Your Winter Survival Guide

Coping Tips to Help Beat the Blues in this Pandemic Winter

October 05, 2020
Sunshine and daylight are critical to well-being
Sunshine and daylight are critical to well-being

Kimberly Asner Self, EdD, professor and director of the Mental Health Counseling Program at Touro College School of Health Science, explains why so many of us feel sluggish and drained during the winter. Asner Self offers tips for combatting those feelings and staying upbeat as the pandemic continues and winter approaches.

The winter months can be a rough time for many people emotionally. There are not as many daylight hours, the weather is cold, there can be rain or snow, the skies can be gray for days on end. It is easy to slow down, lose some motivation, gain weight, withdraw from others, crave sweets and simple carbohydrates, over-sleep, almost hibernate during the winter. For many of us, these are the “winter blues.” Almost one out of every ten people in northern climates like New York are affected by Seasonal Affective Disorder (SAD). Add to this the grief many who have lost friends and family to COVID-19 are experiencing, the stress of six months of living in a very different present, the disparate realities of all of our lives—whether we be black, brown, rich, poor, Jewish, non-Jewish—and the uncertainty of a second COVID-19 wave, possibly more virulent than the last, and you have a potential perfect storm for an even rougher winter. 

Here we are in October. Now is the time to innoculate ourselves and our families with coping strategies for this unusual winter. Remember:

  1. We need light, daylight. The difference in daylight hours from mid-summer to mid-winter in New York is almost six hours.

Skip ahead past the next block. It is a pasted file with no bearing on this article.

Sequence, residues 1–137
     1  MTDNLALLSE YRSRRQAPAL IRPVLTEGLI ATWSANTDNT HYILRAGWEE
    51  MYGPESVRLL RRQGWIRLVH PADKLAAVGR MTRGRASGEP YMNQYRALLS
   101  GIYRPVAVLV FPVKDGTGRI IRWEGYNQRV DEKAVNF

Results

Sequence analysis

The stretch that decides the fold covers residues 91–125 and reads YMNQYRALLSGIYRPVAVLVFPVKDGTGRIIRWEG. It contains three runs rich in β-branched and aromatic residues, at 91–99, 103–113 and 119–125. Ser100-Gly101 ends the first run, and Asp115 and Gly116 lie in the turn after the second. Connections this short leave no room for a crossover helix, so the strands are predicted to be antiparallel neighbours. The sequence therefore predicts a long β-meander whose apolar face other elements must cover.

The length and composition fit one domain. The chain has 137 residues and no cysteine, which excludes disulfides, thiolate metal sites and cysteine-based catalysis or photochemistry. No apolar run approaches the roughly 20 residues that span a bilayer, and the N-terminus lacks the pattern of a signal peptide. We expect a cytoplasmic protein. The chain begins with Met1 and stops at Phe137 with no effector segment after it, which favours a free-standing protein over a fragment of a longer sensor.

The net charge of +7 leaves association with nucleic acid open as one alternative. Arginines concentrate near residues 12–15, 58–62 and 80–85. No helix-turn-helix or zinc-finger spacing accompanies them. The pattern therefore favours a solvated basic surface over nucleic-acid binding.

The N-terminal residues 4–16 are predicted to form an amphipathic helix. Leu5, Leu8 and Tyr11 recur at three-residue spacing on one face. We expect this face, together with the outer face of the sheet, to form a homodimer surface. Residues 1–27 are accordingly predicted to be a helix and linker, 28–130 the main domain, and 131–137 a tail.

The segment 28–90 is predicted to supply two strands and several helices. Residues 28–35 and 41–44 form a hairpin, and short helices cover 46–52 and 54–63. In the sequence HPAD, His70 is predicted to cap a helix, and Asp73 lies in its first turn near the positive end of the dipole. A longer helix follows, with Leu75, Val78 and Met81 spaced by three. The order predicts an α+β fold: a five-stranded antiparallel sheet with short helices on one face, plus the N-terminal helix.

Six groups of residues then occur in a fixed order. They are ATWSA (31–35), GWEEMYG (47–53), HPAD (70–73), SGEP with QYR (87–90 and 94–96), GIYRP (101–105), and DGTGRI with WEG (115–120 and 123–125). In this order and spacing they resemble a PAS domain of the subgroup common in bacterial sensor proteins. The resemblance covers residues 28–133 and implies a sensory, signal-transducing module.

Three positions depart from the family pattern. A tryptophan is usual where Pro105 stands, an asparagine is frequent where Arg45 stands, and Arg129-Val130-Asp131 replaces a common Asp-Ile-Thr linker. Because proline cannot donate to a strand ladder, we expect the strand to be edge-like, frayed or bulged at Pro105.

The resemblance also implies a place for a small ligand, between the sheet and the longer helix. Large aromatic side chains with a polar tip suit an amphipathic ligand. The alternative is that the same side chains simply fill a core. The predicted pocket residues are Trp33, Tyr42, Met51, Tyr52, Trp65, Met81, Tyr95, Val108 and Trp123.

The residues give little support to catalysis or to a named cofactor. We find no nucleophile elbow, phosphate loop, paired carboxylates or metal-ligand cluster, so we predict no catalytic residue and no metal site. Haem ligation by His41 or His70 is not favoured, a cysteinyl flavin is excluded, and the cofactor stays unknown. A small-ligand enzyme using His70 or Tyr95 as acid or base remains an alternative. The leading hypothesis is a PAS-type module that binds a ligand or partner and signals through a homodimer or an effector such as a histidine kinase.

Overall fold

2. We need exercise. Exercise improves our overall mood. 
  3. We need social contact. Being with positive people, or a positive person, we trust and love helps us lighten up. 
  4. We need vitamin D. We get a lot of this from sunlight. Go outside daily, on a walk, with a friend. It’s cold, cloudy, threatening rain, sleet, or snow. Bundle up, put on a mask and walk for a minimum of 30 minutes. Together. Head for a local café or Bodega to pick up a coffee or tea. Talk with each other. Tell each other the most amusing thing that has happened since you last met. Laugh.  Sometimes the rain is pounding, the wind is very bitter, the children are miserable and you choose to stay home. How to get sunlight, exercise and social contact? You may want to consider getting a lightbox now before it gets that miserable. A lightbox (look for one with 10,000 lux for good effect) can be easily found online. Some are more expensive than others. Choose one in your budget and experiment to see when and how long works for you. For example, I found 45 minutes in the morning worked wonders. My friend finds 60 minutes right around sunset helps. You can also check with your doctor as there have been studies linking Vitamin D with mood. Your doctor may prescribe Vitamin D supplements.